Unanswered: How to execute a Unix Shell command from a remote Windows application
We have an ERP system running on Compaq Tru64 UNIX V5.1A (Rev. 1885).
I am able to run ERP commands (Macro recorded script files to invoke e.g. the invoice process) from the Unix command shell.
To automise this, I'd like to run these commands from a remote Windows application e.g. SQL Server (with VB Scripts).
Does anyone have an idea how to do this?
This is commonly done by SSH (e.g. http://www.chiark.greenend.org.uk/~sgtatham/putty/), rsh, or rexec. The latter two are included with Windows but are typically frowned upon (or disallowed altogether) by system administrators because of security concerns.
"It does not work" is not a valid problem statement.
Lets assume that you have some common directory/folder, using either NFS or Samba, or even ftp.
On the Windows side have the application create a request file containing named pairs as:
APPLICATION=invoicing\; export APPLICATION
DATE=20090915\; export DATE
NAME="John Doe"\; export NAME
The back slashes are required to escape any unix meta characters. The quotes are required for variables with embedded spaces. Do not leave any white space around the equal sign.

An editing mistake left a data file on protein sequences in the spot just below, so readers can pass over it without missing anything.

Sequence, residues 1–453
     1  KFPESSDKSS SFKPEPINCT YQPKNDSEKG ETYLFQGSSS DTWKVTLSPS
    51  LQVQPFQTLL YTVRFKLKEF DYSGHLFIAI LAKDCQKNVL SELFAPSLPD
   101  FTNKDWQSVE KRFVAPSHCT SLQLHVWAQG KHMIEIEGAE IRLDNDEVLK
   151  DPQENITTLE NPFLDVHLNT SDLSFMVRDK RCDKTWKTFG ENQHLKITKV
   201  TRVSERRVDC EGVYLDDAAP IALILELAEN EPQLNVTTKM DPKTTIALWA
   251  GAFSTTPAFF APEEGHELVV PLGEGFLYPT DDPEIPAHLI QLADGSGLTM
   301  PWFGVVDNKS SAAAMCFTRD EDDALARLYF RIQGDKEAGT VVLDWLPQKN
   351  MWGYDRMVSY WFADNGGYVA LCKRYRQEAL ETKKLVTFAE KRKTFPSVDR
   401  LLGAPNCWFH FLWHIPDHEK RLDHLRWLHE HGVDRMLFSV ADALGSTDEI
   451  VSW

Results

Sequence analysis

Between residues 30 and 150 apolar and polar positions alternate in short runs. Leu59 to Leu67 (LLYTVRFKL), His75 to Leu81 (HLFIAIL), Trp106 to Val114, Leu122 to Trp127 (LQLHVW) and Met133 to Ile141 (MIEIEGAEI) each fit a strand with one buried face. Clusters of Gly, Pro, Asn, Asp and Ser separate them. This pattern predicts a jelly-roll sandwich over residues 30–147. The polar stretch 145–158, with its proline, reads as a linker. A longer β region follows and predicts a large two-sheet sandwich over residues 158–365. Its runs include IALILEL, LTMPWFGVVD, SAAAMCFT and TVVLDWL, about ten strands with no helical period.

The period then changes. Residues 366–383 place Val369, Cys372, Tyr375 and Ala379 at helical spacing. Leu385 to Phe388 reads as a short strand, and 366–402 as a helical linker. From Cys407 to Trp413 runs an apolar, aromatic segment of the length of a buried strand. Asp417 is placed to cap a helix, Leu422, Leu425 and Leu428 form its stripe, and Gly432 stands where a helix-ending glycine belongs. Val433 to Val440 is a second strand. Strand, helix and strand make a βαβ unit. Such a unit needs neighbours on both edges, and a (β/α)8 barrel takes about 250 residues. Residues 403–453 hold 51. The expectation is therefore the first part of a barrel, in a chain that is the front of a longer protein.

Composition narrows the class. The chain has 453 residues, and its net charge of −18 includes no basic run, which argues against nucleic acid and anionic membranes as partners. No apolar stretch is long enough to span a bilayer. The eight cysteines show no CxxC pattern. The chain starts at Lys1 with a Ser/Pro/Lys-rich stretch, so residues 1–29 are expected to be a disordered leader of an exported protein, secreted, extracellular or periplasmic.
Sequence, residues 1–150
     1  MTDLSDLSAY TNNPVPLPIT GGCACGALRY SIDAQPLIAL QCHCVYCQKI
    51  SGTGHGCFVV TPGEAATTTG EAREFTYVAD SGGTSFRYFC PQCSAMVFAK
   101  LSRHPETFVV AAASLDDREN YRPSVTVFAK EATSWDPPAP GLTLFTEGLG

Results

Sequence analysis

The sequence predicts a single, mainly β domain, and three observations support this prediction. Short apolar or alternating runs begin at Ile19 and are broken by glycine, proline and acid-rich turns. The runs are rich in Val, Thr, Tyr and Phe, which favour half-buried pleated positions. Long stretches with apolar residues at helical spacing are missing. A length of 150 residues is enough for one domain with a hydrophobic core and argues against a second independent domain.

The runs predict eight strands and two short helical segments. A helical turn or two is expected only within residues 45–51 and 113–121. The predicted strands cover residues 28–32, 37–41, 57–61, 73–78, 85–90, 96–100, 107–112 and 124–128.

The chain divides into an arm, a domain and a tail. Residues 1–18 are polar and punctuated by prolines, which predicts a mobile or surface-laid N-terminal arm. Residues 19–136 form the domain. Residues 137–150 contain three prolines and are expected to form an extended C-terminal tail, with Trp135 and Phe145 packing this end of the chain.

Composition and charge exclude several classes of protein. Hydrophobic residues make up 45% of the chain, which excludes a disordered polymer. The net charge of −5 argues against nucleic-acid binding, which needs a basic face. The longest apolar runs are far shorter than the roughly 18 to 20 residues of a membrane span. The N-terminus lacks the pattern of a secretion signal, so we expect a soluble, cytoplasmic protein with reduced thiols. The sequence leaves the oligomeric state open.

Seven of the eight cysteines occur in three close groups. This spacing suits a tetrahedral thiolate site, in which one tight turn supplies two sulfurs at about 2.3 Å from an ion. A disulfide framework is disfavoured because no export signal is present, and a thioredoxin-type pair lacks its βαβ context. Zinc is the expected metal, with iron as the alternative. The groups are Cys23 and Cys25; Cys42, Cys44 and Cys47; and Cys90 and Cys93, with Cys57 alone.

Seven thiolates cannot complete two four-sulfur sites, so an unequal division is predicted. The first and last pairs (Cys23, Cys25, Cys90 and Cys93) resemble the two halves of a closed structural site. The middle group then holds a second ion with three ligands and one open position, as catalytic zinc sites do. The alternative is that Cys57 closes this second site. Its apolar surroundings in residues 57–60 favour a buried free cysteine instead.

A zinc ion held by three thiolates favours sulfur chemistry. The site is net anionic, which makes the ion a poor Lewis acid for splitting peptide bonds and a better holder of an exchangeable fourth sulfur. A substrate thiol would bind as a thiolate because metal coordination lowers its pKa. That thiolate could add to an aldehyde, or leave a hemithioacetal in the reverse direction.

edit: On second reading, the backslashes will not be required unless a unix meta character is embedded within the variable value, such as NAME="Michael O\'Connor"; export NAME :edit
Save the file in the common directory, known as "/u/spool/in" on the unix side.
On the unix side, write a script like the following:
if [ -r lock.file ]
echo `cat $lock.file` is still running >log.file edit: probably should be >>
echo $$ >lock.file
for file in $list
echo $APPLICATION $DATE $NAME >>log.file
mv /u/spool/in/$file /u/spool/out
Add a routine to /etc/rc2.d to clear any lock files on system start up.
Add a second file to the out folder showing the results of the process.
The windows file will probably have carriage returns and line feeds at the end of each line. If this becomes a problem, use 'tr -d "\r" <infile >outfile' to eliminate them (or dos2unix if you have that)
If you use ftp to transfer the file, send two files for each request, the first containing the data as above, the second as a semaphore file to say that the transfer is complete. Unix will see the text file as soon as it is opened for writing, and may try to process it before the transfer is complete.
edit: When creating a file naming convention, consider the possibility of duplicates, and the options available for the ls command so that jobs are processed in the desired sequence.